More Precise Summary:

A clock measuring the proper time interval between two events (i.e. it is present at both events) measures a smaller interval than a clock measuring an improper interval between these same two events.

Part 2 - Counting Cosmic Ray Muons

Introduction

Cosmic rays create fast-moving particles that reach the surface of the Earth all the time. We can investigate the muons in this 'cosmic-rain' to help us understand how moving clocks behave. The second part of the workshop will show an experiment to confirm that moving clocks do actually run more slowly than their stationary equivalents.

What are muons?

Muons are elementary particles from the same family as the electron.

  • They have the same charge as that of an electron.
  • They have a mass about 200 times that of an electron.
  • They are unstable and decay with a half-life of 2.2 microseconds.

The muons that we are going to investigate are created 60 km above the surface of the Earth as follows:

  • Cosmic rays (very fast protons and light nuclei) arrive from the Sun and from the Galaxy (probably from supernova explosions).
  • These cosmic rays collide with nitrogen or oxygen nuclei in the top of the atmosphere.
  • The collisions produce many sub-nuclear fragments that travel down towards the surface.
  • The fragments travel at just less than the speed of light.

The muons in these showers of particles should decay very rapidly. None should reach the surface of the Earth.

To verify this statement we will perform a calculation.

Consider a muon travelling at just less than the speed of light.

Calculate the time it takes to reach the surface of the Earth, 60 km below.

Time = distance / speed =

(Speed of Light = 3.0 x 105 km/s)

(Answer: Time = 200 microseconds)

How many half-lives of a muon take place in 200 microseconds?

Number of half-lives = time / half-life = 200 / 2.2 =

(Answer: 91 half-lives)

During one half-life, the number of muons halves. Therefore in 91 half-lives, the fraction remaining will be 0.5 * 0.5 * 0.5 ………… repeated 91 times.

It is much easier to use your calculator to work out 0.591 =

(Answer: 4.0 x 10-28 of the original)

Using this model, we would expect no muons to reach the surface. They would all have decayed on their journey.

Demonstration of the detection of cosmic ray muons using a simple co-incidence detector.

Two Geiger-Müller tubes are positioned one above the other.

The outputs from the tubes are connected to a coincidence detector (an AND gate) so that the counter only operates when both tubes trigger within about a microsecond of each other.

(You could do this at school with two independent counters and some of your pupils acting as coincidence detectors!!)

If the system is left to count for many minutes, a count rate of about 3 events per minute is observed.

If the tubes are now placed side-by-side, the count rate falls nearly to zero.

This suggests that the system is counting particles that are coming from above. It is most likely that these particles are muons.

However, this is a puzzle. All the muons should have decayed before they reached the surface of the Earth.

Check Calculation:

The flux of muons at sea level is about 170 per square metre per second. The area of the tubes we are using is ( Pi x 0.0252 m2), so the expected count rate is predicted to be is ( 170 x Pi x 0.0252 m2) which is 0.33 per second. This rate of 20 per minute is much larger than our observed value of 3 per minute, so our detectors are probably not very efficient!!

Additional data about these muons:

Their mean energy is about 2 GeV and they would penetrate about 2 metres of concrete!! At an energy of 2 GeV the speed of a muon is 2.9990 x 108 m/s.

Calculation of the Time Dilation Effect on Cosmic Ray Muons.

For convenience of the calculations, assume the muons travel at 2.9984 x 108 m/s.

Observed half-life = Proper half-life / ( 1 - ( 2.9984 x 108 / c )2 )1/2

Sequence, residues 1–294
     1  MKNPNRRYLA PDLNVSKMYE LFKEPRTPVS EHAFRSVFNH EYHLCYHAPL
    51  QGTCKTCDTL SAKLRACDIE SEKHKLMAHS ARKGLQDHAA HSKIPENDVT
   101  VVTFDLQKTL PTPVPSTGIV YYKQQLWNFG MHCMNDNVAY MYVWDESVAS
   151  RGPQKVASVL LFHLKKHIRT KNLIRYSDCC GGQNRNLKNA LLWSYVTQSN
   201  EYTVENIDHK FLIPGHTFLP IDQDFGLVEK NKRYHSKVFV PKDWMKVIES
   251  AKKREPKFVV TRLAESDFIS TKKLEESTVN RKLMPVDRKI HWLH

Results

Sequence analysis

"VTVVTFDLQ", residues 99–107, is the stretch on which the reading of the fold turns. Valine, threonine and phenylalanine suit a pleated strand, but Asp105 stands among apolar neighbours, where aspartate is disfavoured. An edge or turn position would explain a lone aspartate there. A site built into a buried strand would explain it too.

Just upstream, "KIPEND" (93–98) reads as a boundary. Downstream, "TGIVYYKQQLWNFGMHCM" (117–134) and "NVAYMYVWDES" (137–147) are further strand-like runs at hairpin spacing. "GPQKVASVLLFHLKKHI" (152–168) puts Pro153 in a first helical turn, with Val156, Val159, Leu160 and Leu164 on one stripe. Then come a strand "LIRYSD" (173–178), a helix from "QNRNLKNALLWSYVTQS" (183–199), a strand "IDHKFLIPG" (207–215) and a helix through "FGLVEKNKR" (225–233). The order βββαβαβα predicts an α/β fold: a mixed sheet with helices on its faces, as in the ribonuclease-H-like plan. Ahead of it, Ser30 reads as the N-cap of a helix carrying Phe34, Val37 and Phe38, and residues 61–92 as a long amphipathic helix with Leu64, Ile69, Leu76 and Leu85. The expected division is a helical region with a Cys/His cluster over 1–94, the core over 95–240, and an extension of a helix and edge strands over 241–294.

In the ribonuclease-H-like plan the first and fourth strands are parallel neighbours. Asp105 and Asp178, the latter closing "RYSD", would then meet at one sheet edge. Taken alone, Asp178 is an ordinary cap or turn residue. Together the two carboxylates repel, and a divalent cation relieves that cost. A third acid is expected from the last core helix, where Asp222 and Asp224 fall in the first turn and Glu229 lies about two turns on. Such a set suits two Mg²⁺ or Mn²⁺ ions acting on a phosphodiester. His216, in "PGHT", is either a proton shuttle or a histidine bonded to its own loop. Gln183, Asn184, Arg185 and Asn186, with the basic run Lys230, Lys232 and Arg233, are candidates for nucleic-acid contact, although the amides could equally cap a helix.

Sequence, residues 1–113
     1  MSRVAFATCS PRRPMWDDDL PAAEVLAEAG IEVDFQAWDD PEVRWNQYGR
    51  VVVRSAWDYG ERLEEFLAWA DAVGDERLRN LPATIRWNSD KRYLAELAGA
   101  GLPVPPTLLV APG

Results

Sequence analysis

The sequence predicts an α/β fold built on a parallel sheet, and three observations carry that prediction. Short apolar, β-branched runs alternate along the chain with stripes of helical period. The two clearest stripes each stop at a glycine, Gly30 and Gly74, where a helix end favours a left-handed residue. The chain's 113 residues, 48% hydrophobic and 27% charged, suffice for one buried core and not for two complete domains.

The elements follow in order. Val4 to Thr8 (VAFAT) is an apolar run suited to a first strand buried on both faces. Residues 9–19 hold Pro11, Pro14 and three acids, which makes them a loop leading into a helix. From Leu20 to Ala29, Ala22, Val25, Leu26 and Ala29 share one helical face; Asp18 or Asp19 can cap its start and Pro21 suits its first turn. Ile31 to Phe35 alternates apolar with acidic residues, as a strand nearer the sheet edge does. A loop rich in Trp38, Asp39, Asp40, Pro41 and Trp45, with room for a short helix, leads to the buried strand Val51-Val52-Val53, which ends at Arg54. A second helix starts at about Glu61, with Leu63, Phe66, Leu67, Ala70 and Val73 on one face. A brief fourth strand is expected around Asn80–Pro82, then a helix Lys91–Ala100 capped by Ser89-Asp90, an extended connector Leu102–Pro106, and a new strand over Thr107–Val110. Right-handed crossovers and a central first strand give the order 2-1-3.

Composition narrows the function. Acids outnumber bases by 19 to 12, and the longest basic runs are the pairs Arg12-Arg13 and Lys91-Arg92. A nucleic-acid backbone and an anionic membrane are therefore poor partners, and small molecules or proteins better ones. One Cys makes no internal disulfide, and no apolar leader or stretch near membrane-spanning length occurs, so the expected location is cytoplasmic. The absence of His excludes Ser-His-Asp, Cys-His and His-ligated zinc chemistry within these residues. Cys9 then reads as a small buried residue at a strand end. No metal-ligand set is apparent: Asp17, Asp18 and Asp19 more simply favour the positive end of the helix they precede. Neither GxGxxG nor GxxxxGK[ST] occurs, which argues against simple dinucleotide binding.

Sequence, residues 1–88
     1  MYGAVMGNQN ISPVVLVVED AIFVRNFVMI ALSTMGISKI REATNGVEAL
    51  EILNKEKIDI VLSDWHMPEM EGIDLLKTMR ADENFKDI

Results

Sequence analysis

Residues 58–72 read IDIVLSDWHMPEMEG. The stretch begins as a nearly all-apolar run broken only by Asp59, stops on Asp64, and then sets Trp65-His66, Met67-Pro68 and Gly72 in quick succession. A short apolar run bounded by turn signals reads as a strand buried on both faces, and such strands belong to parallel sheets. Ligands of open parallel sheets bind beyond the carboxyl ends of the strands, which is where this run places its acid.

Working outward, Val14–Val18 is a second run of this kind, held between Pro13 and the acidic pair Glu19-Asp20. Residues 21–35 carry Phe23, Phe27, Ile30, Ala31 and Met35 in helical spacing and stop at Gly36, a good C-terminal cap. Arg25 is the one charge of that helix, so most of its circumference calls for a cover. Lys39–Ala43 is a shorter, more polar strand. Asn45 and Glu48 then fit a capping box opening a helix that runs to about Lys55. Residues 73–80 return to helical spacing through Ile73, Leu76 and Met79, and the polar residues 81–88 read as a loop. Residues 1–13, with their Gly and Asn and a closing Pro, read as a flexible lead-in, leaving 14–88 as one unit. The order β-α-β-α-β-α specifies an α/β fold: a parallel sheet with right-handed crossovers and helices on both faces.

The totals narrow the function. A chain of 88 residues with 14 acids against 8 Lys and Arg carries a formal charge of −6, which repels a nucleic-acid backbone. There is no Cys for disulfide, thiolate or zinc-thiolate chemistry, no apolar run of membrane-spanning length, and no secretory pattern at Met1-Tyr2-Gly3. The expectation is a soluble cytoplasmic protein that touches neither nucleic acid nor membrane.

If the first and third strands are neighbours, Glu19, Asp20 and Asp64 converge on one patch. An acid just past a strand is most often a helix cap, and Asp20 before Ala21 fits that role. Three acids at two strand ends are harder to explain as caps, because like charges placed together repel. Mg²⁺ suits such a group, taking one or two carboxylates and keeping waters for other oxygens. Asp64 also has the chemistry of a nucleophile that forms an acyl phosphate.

= 2.2 microseconds / ( )

=

(Answer: 67.4 microseconds)

Now it takes 200 microseconds for the muons to travel down to the surface.

From our perspective on the ground, in these 200 microseconds we find that only about 3 half-lives have gone by.

This is why some muons reach the surface of the Earth.

On this basis, 1 in 8 muons are expected to reach the surface of the Earth because their 'moving half-life clocks' run slow.

Questions - Test Yourself!

  1. You run past a radioactive source and you measure its half-life. Will it be:
    a) Increased
    b) Decreased
    c) Unchanged.
    (a)
  2. A person runs past you carrying a radioactive source and you measure its half-life. Will it be:
    a) Increased
    b) Decreased
    c) Unchanged.
    (a)
  3. You are in the park, listening to a military band. You start to walk away from the band. From your point of view, will the speed of the sound waves be:
    a) Increased
    b) Decreased
    c) Unchanged.
    (b)
  4. You are in the park, listening to a military band. The band starts to march towards you. From your point of view, will the speed of the sound waves be:
    a) Increased
    b) Decreased
    c) Unchanged.
    (c)
  5. You are in a car driving towards an illuminated traffic signal. From your point of view, will the speed of light from the signal be:
    a) Increased
    b) Decreased
    c) Unchanged.
    (c)
  6. You are waiting to cross a road when you see a car approaching. Its lights are on. From your point of view, will the speed of light from the lights be:
    a) Increased
    b) Decreased
    c) Unchanged.
    (c)
  7. Why is the super-bouncy ball model not a perfect one?
    a) The apparent speed of the ball is affected by the motion of the observer.
    b) The ball is affected by friction and so it slows down during the experiment.
    c) The ball gains speed in the direction of the moving board because of friction.
    (abc)
  8. If you did not know about Special Relativity, why would you expect no cosmic ray muons to reach the surface of the Earth?
    a) They travel too slowly.
    b) They have a very short half-life.
    c) They are absorbed by the air.
    d) They have a negative charge.
    (b)
  9. Why do some cosmic ray muons reach the surface of the Earth?
    a) They travel at just less than the speed of light.
    b) A very large number are created at the top of the atmosphere.
    c) Their half-lives appear to be lengthened by their speed.
    d) The air is not very dense so it does not absorb them.
    (c)